Rethinking Retail: Columbus Fitness takes on web equipment reviewers single-handedly

Every retailer knows the routine: A customer wanders in clutching the latest magazine or web review, points and says, “I want that.” Frustrated by misinformation floating around, the owner of Exercise Equipment Experts in Ohio has decided to put his money where his mouth is.
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Every retailer knows the routine: A customer wanders in clutching the latest Consumer Reports, Treadmill Doctor print-out, or a page from some other unknown web review, points and says, “I want that.”

Everybody recognizes some version of the above. Everybody can relate to the groan felt inside. Everybody searches for just the right schpiel for such a person. And every retailer we know tries hard to handle it diplomatically, knowing many of the reviews online and in consumer magazines are flawed in some way, perhaps slanted or biased, don’t include all brands, and sometimes are even completely inaccurate. 

Jerry Greenspan, owner of training studio Columbus Fitness Consultants (www.columbusfitness.com) and retailer Exercise Equipment Experts in Columbus, Ohio, decided this year to tackle it head-on.

Greenspan put an ad in the city’s regional magazine, in the local papers and on his website advertising a free piece of equipment to anybody who could find a reviewer who had more know-how and integrity than he does:

“If you can find any other fitness equipment reviewer or retailer who can match our expertise, reputation and honesty & integrity, you can have any product that we offer free of charge.That’s right, our best treadmill, elliptical, bike or home gym will be yours free of charge.”

“We all get tired of all the Treadmill Doctor, Treadmill Sensei, Consumer Reports, Fitness Professor, whatever, that we put an ad in some magazines,” he explained to SNEWS®. “I just got tired of people getting information on the web and believing these people are experts.”

Cocky, yes, perhaps, and Greenspan even admits it. But he does have the credentials -- more than most -- to back up the offer, although others could learn from his frontal attack strategy. Greenspan has graduate degrees in biomechanical engineering, physical therapy and human nutrition; undergraduate degrees in engineering and pre-medical science; has worked as an engineer, and for five years did biomechanical engineering research in Ohio State University’s Gait Analysis and Biodynamics laboratories. And he’s been an equipment retailer, service provider and trainer for 15 years. Even his employees have to have degrees and must complete a residency with him and pass written tests. (We profiled Greenspan in October 2003. Click here to read that SNEWS story.)

The problem most retailers find, whatever credentials or experience they have, is that they don’t want to argue with potential customers, Greenspan said. So he decided this year to just put his money where his mouth is.

“There are a lot of retailers out there like me who are so fed up. Some of these people are so arrogant,” he said of the reviewers. “We’re not going to fight with an argument.”

One guideline that has helped in some cases is the new Federal Trade Commission rule as of late 2009 that requires bloggers, reviewers and others who perform what the FTC calls “word-of-mouth marketing” to clearly state they earn money from what they review. (Click here to see a Nov. 23, 2009, SNEW story, “FTC cracks down on web endorsements by bloggers, celebrities, new media,” and click here to read a November 2009 guest column by an attorney about what the rules may mean to a business.)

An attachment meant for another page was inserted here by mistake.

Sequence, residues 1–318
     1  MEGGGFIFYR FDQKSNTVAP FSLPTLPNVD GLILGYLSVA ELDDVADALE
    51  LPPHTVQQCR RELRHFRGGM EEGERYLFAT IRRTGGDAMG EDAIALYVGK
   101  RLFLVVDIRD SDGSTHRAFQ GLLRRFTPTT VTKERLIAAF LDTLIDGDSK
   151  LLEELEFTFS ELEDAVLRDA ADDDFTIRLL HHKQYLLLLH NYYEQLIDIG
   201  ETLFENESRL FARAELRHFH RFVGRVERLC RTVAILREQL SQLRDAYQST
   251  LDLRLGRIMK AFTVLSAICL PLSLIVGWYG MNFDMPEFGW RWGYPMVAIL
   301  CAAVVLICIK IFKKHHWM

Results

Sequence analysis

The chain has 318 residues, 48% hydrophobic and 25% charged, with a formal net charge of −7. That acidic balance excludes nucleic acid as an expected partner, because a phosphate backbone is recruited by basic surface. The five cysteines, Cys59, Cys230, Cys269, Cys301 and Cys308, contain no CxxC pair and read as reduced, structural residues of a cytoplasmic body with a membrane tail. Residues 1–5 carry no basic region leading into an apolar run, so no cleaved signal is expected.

But new FTC guidelines are just the start. Retailers like Greenspan still find consumers believing everything they read. So he explains it further on his website:

“It is difficult to trust anyone in today’s world, so many people attempt to research fitness equipment through various internet sites and/or consumer magazines. Most of these reviews can be viewed by you free of charge. 

“So how does the reviewer make money? You really believe that these individuals evaluate 600 treadmills, 600 ellipticals and 300 bikes and 100 gyms and write reviews for all of them for no money? That’s a pretty lousy business model, wouldn’t you agree? And some magazines review everything from toasters to fitness equipment to automobiles. Doctors, lawyers and other professionals specialize, so how is it possible for these publications to be experts in everything?”

Greenspan offers a few tips to other retailers who fight the constant battle:

>> Help people realize that no reviewer could have possibly used 100s or even 1,000s of pieces of equipment for the reviews offered. “It would take years,” he said.

>> Point out that specializing is key for any business, from doctor to equipment retailer. That means focusing on one product segment and knowing it inside and out, rather than spreading yourself from adding machines to zebras.

>> As his website notes, which we excerpted above, explain that nothing is free in this life -- not even opinions -- and the reviewers have to make money somehow.

>> Make sure the consumer knows to look for and finds a clear disclosure, as now required by the federal government’s FTC.

“I thought people would like to hear about somebody taking these reviewers on,” Greenspan told us. “People just get so frustrated.”

Nobody has asked for the free equipment … yet.

“But we’re waiting for it,” Greenspan said. “We want to show people we aren’t messing around.”

--Therese Iknoian 

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